Today, the former period of unipolar Western dominance and the Neo-Liberal era of Globalization is disintegrating, and we are entering a new multi-polar era of reduced global interdependence.3
The upshot of all of this is that Dark Ages happen. Societies collapse for complicated reasons. The key is that complex systems run into trouble when there is insufficient surplus energy to drive them efficiently. Especially when they have been “optimized” by eliminating redundancy and siloing power into fewer organizations. Inevitably, infrastructure fails when the cost of maintenance and upkeep becomes prohibitive due to depletion of easily-accessible energy sources.4
While these have previously been regional phenomena, globalization has ensured that the next episode will have far more widespread consequences. Some regions will endure devastating effects. Others will be less impacted. The Societal Collapse that precedes a Dark Age can take a lot of time to manifest, but at a certain juncture enough of the supporting systems have failed that a tipping point is reached.
“I’m Sure We Have Plenty of Time”
There is a good historical argument to suggest that these societal collapses unfold over very long periods of time. I think there are problems with this argument. Namely –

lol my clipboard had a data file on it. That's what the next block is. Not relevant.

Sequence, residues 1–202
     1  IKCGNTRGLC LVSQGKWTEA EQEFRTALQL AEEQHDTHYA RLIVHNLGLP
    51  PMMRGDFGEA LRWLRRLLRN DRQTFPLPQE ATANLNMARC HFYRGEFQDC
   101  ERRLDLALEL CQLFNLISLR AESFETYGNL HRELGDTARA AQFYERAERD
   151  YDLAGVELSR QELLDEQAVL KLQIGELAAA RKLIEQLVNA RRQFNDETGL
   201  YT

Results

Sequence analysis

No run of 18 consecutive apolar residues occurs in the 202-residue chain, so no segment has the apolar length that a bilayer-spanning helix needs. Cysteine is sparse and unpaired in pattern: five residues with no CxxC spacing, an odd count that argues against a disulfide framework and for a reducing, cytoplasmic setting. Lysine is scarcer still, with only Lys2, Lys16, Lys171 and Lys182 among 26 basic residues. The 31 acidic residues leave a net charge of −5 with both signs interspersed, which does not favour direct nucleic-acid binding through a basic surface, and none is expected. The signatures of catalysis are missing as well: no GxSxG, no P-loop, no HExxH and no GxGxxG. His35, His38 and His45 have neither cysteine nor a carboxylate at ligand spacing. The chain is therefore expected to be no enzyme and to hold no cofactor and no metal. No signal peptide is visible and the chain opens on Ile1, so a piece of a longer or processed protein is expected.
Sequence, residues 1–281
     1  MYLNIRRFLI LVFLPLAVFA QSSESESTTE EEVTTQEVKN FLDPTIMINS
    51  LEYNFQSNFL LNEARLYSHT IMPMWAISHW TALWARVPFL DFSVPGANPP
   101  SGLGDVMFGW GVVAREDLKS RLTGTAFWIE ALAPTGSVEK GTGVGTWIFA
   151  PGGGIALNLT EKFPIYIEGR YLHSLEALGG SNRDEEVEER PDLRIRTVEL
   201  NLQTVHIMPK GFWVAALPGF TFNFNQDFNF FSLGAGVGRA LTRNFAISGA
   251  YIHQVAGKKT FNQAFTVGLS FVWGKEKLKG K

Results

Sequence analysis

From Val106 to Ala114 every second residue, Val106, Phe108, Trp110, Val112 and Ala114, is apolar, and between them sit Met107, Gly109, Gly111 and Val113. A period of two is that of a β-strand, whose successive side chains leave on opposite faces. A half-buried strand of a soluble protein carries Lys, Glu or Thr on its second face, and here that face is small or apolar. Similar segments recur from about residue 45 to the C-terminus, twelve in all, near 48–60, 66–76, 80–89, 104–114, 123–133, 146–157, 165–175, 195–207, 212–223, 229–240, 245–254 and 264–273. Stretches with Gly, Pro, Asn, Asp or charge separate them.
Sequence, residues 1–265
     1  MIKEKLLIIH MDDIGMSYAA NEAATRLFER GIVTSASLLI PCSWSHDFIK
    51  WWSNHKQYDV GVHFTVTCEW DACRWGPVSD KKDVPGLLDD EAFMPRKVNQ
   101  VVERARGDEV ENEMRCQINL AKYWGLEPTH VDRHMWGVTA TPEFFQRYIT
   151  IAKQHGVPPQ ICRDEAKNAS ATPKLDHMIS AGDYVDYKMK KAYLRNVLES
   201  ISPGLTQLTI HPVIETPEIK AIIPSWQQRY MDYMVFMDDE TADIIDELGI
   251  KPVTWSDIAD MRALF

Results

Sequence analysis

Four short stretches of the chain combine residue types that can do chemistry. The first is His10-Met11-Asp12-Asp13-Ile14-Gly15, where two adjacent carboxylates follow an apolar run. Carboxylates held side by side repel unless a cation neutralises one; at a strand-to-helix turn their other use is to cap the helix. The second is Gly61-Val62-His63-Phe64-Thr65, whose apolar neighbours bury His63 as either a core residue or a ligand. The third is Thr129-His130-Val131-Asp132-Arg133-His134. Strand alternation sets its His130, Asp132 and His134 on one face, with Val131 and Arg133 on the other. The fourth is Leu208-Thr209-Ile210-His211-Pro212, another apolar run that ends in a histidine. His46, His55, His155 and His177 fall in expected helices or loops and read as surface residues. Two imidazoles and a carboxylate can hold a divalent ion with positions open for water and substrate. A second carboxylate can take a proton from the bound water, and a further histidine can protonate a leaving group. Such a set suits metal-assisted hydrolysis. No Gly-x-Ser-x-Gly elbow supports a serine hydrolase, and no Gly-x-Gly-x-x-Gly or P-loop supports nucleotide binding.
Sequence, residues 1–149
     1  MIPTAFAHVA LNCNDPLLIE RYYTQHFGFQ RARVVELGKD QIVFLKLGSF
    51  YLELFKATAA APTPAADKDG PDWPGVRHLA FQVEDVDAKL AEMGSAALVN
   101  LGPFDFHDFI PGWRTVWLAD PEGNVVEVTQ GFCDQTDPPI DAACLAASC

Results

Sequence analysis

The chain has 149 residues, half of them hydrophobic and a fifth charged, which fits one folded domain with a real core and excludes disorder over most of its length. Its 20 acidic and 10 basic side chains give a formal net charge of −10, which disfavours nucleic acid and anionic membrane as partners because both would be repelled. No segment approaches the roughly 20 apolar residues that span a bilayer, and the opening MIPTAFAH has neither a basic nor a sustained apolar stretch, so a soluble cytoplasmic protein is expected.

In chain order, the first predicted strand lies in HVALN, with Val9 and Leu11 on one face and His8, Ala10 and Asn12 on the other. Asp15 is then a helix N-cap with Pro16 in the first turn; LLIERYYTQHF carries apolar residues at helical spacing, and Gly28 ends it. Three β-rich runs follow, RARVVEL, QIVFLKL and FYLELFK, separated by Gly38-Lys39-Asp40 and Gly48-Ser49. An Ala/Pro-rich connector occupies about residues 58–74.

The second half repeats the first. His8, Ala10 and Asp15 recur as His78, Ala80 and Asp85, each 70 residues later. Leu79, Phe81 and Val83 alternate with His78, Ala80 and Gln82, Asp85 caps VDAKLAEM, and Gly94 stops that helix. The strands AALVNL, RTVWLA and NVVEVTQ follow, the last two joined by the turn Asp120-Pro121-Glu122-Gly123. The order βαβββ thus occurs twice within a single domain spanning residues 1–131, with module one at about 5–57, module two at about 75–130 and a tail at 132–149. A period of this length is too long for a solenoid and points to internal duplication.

- The authors don’t appear to realize that economic crises are really energy crises
- Energy crises will produce subsistence crises – especially in a globalized economy!
- Our capacity to wreak global destruction has expanded unthinkably
- What goes up, must come down. What goes up fast, comes down fast
- Remember that “oil production grew exponentially in the two decades 1953 to 1973, when we experienced the first “oil shock.” That oil production growth corresponded to the massive post-war economic boom, during which economic output and trade exceeded that generated in the previous 150 years.”
The diagram below is meant to illustrate the decadal and centennial process of civilization decline as posited by the authors. I argue that we are already witnessing signs of advanced breakdown. The only thing required now is subsistence crises –
The Dark Age Cometh
How long before we begin to experience such crises on a widespread scale? Well, certainly this century (barring immediate, massive shifts in consumption patterns). But never forget that as a species we are reactive, rather than proactive.